5 Money fetishism — through whatever means, one attains a vast sum of coin and this sum is seen as beautiful, its attainment as elegant design of the will. How ugly. In that others still largely ascribe to the aesthetic where “all has a price”, large sums of wealth represent large material potential. What makes this potential to influence material reality so beautiful? That one may create what they so choose, whether through the purchase of commodities or the labor time of others — that one may create the aesthetic they so choose. Power over others is seen as beautiful — “It is voluntary.” Voluntary hardly describes the exchange of coin entirely, as one’s needs are as such valued via coin and one’s ability to otherwise service their bodily needs is reduced, if not made impossible, through the control granted via coin over the earth’s land, what is permitted on that land and by who.

6 Mercantile Exchange — When I choose — will — to exchange a product of human labor for another’s, my will is used toward this aesthetic. That my labor is an equal of another form of labor — or that the abstraction of a coin is as such — accords with an aesthetic. Thus, the leveraging of commodities as a means of amassing power is an aesthetic that will forever remain dissonant to that by which anarchists foster mutual respect, dissolution of power, an abolition of rule.

7 Social Relation of Will as Aesthetic — In that the will necessarily functions within the shared spatial temporality as other wills, it is a social figment. The atomic will is by-and-large absent from our applied analysis, as the atomic individual who would have power through this will can be assumed non-existent — when have individuals existed totally isolated from all else? While each individual holds their will, their power, the utilization of this power is not rid of all that which is present in social relations: coercion, command, greater powers, different desires. Thus, while the creation of aesthetic through power can certainly occur were a truly vacuous setting to exist, in reality this created aesthetic will exist in relation to others; will. The will births aesthetic, in accord with its power, and is. Thus is the foundation for all manner of social relation — will matched against will, in harmony or dissonance.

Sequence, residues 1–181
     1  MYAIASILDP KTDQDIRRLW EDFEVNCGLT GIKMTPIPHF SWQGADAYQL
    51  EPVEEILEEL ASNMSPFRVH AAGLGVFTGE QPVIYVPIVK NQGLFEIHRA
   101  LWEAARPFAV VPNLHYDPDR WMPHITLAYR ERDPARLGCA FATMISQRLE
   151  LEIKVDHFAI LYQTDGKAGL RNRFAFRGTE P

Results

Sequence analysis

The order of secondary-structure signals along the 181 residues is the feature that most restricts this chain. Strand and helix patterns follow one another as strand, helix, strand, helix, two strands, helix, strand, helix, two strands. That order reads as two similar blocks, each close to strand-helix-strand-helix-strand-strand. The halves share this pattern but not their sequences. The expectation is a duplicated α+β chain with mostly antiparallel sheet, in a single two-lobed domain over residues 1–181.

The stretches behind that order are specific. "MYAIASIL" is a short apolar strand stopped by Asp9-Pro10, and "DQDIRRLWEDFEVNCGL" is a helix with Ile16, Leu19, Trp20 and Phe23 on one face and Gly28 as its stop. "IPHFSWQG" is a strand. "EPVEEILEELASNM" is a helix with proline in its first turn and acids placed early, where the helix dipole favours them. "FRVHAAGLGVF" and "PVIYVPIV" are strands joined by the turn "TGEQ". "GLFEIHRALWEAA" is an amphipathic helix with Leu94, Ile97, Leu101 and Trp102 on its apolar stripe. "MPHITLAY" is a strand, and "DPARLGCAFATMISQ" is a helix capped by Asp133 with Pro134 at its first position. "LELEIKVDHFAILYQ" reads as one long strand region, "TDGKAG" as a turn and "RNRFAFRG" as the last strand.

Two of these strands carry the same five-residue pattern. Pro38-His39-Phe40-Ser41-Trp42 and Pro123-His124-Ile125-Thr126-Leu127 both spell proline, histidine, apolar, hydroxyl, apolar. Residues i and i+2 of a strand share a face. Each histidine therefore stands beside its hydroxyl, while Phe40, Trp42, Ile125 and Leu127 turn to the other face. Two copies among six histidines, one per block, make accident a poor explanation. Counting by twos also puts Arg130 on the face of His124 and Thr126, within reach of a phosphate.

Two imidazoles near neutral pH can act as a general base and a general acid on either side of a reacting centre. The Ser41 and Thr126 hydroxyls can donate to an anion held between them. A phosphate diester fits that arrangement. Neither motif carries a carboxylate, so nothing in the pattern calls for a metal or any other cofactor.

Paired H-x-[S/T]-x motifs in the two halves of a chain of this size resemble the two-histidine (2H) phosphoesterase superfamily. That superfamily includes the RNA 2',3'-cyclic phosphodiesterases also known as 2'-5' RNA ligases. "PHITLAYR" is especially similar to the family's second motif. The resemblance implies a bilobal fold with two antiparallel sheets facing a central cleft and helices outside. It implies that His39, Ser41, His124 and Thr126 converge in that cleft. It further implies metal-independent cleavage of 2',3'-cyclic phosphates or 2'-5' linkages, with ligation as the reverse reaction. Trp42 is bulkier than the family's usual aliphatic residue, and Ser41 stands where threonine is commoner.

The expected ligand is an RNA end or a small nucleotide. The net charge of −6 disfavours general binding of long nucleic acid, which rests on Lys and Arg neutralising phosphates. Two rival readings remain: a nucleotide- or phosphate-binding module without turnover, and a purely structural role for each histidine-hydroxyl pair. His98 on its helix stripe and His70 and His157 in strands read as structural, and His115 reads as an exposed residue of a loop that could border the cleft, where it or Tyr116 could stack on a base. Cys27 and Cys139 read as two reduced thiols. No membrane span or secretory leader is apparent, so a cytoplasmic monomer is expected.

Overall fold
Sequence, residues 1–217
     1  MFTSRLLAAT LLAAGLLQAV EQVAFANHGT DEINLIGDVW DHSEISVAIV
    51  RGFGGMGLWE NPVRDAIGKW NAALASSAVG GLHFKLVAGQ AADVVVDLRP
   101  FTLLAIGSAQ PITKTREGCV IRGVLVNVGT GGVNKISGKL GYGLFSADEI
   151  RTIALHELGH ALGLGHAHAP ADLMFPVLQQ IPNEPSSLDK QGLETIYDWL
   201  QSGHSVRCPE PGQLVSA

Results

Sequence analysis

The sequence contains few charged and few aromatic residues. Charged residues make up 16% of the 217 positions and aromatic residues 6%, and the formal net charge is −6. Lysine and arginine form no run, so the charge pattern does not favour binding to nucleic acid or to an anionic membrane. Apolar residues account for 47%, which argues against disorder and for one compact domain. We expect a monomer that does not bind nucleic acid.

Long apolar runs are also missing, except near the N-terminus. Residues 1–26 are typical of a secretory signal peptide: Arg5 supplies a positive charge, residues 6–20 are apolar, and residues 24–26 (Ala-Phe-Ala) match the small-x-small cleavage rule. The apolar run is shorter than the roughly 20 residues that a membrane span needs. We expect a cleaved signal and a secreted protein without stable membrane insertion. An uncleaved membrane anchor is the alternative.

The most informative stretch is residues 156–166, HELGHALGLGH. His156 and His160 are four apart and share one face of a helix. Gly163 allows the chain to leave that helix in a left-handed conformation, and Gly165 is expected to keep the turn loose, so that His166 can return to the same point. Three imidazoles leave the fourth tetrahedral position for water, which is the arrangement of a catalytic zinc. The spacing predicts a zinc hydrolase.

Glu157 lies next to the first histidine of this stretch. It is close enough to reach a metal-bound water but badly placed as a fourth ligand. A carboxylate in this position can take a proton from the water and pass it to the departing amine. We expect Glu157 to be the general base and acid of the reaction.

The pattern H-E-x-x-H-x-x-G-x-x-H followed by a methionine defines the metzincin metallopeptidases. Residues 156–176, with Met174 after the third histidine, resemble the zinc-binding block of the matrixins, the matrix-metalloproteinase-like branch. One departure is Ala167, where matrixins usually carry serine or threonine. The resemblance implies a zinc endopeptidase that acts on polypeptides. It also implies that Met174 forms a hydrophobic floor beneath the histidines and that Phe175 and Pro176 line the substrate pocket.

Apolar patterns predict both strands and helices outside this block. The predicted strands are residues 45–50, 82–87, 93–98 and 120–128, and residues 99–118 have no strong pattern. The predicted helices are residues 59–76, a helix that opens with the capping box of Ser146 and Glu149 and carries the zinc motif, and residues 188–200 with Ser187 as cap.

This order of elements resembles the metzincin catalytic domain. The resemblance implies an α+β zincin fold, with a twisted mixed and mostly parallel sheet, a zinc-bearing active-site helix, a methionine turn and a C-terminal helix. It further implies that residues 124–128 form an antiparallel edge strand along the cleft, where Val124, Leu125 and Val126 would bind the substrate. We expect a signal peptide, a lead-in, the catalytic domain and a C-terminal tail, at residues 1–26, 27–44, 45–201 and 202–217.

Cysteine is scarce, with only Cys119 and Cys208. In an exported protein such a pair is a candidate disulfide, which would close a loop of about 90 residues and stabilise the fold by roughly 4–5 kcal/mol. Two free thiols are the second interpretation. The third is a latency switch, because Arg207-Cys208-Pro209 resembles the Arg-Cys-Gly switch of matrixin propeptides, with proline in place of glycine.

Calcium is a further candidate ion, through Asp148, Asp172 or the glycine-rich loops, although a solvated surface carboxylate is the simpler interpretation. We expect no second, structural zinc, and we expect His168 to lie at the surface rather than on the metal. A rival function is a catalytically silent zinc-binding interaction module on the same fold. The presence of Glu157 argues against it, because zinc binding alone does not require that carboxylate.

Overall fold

God and My Sword

“War is divine right in its artistic expression: God and my Sword”

Pierre-Joseph Proudhon, War and Peace

1 God’s Death and Nihilism’s Sword —My hand holds my power and I pray to no God. The battle I commend upon lay siege to any foreign power that act unto me. Your religion is mere aesthetic, underneath the meta-structure of its delusion; what is Faith? — to a skeptic? The religious man thinks his existence too important to recognize his religion as mere aesthetic, faith in the unprovable as subversion to a greater power. Yes, greater, not higher, power — a stronger will to shape the weaker. To be religious accords strength in conviction, yet of will? Will one of strong will babble today as yesterday, or perhaps not be led astray from the will to truth? “Divine Truth” — never before has such an enemy to truthfulness existed. How the religious will bend over backwards to assert their faith as truthful — by any means. I choose to exert little power in shattering the delusion: all emperors wear no clothes, yes, and even those divine. Should I accept the powerful, authority, as the only creator of right, then I will remain unconvinced; I will not enslave myself; I defy your dead God, which I may more aptly describe as the aesthetic that ensnares your being.

2 Freedom Comes at No Price? — One’s natural state is freedom. Ridding my existence of the fetters placed upon me may exact a heavy toll; ridding me of my freedom has come at a grave price. One might rather assert that rule, the will to rule, enacts a heavy price upon those ruled, governed, or more precisely, enslaved. Price: that which is lost, given, taken, exacted towards an end; more commonly, a toll or tax to achieve what is desired or to prevent what is undesired. What is the price of war? Death unto those who fight, yet so often not those who command. My cause, my nation, my religion is worth even death to protect. What a sacred aesthetic, to volunteer one’s life int its service! These creations that seek to rule me, these contrived creations, are of the paper dog sort: meaningful at times, namely when necessary to subvert my own will insofar as this is still seen as good; meaningless to my own self-creation, as I discard aesthetic contrary to my self-creation. These aesthetes are necessary, desirable, as is your subservience to them — State, God, Property — until one no longer desires their self-enslavement; until one wishes to know of freedom; until one wishes to create solely in accord with their will, their power. May we yet know aesthetic’s death.